Raghuram Rajan’s policy appears to be aimed at shoring up the rupee ahead of the tapering by the U.S. Fed about three months from now
Reserve Bank of India governor Raghuram Rajan’s maiden monetary policy announcement has evoked contrary responses. India’s financial markets and a section of the business community have reacted adversely to his decision to increase the repo rate in his policy statement. This is understandable. Dr. Rajan had been in favour of lowering interest rates during his brief stint at the Finance Ministry. That and the terrific buzz that accompanied his assumption of office had led to expectations in some quarters that a rate cut was likely. Others in the business community and many in the media, who had pilloried Dr. Subbarao for his anti-inflationary stance, have made something of a volte face. They have been quick to portray Dr. Rajan as an inflation hawk.
Reading of the policy
Both Dr. Rajan’s detractors and admirers may be wrong in their reading of the monetary policy statement. It appears more plausible that Dr. Rajan’s policy stance is aimed at shoring up the rupee ahead of a change in the U.S. Fed’s policy about three months from now. The RBI may find it prudent not to say so for fear of adding to nervousness in the currency markets. It may choose to couch its stance in anti-inflationary terms. But currency stability seems to weigh more heavily on the RBI than its statement would suggest. Sustaining growth also appears to be a consideration.
Consider the changes effected in the policy statement. Banks can today borrow from the RBI in two ways. One is the repo route but only to the extent of 0.5 per cent of their liabilities. Any requirement in excess of what can be financed by repos can be met through the Marginal Standing Facility (up to 2 per cent of liabilities). In its policy statement, the RBI cut the MSF rate by 75 basis points and raised the repo rate by 25 basis points. The governor claimed that the net effect would be to “reduce the cost of bank financing substantially.” This is debatable.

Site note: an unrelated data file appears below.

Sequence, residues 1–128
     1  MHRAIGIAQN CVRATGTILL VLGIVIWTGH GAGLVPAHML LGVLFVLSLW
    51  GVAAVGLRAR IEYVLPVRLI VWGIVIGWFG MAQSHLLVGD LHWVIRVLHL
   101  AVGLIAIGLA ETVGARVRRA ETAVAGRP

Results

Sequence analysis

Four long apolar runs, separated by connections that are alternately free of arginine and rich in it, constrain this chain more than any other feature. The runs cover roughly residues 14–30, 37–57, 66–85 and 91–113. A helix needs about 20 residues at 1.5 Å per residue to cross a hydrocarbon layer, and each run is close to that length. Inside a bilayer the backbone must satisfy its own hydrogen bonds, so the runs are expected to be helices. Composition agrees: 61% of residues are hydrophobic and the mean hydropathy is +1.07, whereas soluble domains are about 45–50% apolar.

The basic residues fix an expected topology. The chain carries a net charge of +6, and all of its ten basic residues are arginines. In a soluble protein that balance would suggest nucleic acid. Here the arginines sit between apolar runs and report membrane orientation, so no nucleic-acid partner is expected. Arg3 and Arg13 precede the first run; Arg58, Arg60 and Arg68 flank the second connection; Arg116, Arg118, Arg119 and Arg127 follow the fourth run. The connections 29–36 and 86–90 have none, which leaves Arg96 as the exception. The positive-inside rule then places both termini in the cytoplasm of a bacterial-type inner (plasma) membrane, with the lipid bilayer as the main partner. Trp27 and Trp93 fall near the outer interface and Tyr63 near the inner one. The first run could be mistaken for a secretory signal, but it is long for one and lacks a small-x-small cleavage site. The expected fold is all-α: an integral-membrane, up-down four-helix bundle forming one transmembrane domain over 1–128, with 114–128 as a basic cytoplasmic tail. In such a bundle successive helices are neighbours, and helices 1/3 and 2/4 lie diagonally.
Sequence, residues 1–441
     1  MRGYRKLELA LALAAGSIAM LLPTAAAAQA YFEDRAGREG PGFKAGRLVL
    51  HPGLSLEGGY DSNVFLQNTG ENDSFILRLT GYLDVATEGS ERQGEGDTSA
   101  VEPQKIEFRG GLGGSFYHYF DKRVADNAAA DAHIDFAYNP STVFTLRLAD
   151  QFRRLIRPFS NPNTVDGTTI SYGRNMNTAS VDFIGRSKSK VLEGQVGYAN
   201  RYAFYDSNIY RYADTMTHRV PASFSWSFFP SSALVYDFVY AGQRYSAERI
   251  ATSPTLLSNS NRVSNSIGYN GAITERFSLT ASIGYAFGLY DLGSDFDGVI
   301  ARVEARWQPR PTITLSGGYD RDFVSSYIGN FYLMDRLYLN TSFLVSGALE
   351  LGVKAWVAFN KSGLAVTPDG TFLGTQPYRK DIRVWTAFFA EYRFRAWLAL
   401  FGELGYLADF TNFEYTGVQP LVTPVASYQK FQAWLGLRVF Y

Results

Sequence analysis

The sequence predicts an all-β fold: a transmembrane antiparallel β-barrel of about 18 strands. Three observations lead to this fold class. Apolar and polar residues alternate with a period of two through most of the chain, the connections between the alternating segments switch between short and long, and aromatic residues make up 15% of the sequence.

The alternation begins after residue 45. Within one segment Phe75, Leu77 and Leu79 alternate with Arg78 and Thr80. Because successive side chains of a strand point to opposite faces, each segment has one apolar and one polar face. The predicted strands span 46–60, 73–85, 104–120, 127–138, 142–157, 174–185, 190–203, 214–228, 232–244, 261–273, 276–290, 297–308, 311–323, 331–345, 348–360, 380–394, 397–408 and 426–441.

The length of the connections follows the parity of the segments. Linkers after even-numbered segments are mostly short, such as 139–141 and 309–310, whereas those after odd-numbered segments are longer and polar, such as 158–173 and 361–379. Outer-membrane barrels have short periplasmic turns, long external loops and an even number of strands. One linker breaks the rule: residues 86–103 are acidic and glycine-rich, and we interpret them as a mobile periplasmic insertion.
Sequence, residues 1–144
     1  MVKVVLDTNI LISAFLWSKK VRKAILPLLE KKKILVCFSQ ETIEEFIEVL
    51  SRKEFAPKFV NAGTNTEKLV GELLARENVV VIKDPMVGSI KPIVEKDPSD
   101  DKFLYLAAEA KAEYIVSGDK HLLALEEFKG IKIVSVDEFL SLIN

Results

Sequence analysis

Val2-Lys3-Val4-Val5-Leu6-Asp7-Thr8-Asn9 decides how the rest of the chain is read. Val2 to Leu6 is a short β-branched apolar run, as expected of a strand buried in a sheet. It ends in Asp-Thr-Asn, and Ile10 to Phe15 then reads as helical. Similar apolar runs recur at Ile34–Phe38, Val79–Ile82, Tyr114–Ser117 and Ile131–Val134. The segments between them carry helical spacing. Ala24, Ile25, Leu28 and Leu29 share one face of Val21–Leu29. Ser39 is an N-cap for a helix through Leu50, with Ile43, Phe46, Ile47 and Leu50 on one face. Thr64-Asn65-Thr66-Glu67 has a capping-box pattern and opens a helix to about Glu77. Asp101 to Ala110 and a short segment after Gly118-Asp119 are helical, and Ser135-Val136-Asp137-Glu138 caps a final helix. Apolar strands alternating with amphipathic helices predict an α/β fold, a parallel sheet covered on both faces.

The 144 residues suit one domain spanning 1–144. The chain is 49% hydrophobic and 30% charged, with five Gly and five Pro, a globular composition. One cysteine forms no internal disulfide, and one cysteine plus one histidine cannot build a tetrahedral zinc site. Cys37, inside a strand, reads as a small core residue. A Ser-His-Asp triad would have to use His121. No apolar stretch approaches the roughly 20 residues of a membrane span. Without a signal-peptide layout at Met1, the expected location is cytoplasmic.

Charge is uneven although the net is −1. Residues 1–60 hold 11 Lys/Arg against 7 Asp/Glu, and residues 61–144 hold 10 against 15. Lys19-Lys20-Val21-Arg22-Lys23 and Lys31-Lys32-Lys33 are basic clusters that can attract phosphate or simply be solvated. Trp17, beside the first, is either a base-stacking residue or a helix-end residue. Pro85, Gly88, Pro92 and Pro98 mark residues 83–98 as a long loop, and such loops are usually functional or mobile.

Analysts estimate that the MSF and the repo account for about 55 per cent and 45 per cent respectively of bank borrowing from the RBI. Factoring in the changes in the two rates, yes, the cost of bank borrowings from the RBI can be expected to decline. The cost of certificates of deposit (CD), which are of maturity of one year or less, has also fallen. However, a cut in the MSF rate only impacts short-term interest rates. Long-term rates are influenced by the repo rate. We should expect long-term rates to rise following the RBI statement — and this is already reflected in a rise of about 30 basis points in 10-year government securities.
It is not just yields on long-term government securities that will rise. When the RBI raises the repo rate, it is a signal that rates across the spectrum will go up, including rates on term deposits. The overall cost of a bank’s deposits will be determined by the composition of its deposits — how much of these are short-term and how much long-term. Once long-term yields rise, deposits will veer towards the long end.
It is more than likely than the total cost of deposits will increase and that this increase will overwhelm the decrease in the cost of borrowing from the RBI. The overall cost of funds for banks may, therefore, be expected to go up. Several bankers have been quoted as saying that they see the overall cost of funds rising for their own banks. Indeed, an anti-inflationary stance, in order to be effective, must necessarily mean a rise in banks’ aggregate funding costs and hence in lending rates. There is a contradiction in claiming that the recent moves are intended to fight inflation but will end up lowering banks’ cost of funds.
For banks, short-term costs of borrowing had risen sharply following the RBI’s tightening of liquidity in July. It was only a matter of time before long-term rates began to catch up. If fighting inflation was the overriding priority, the RBI might have simply persisted with the status quo. What considerations, then, underlie the measures in the latest policy statement?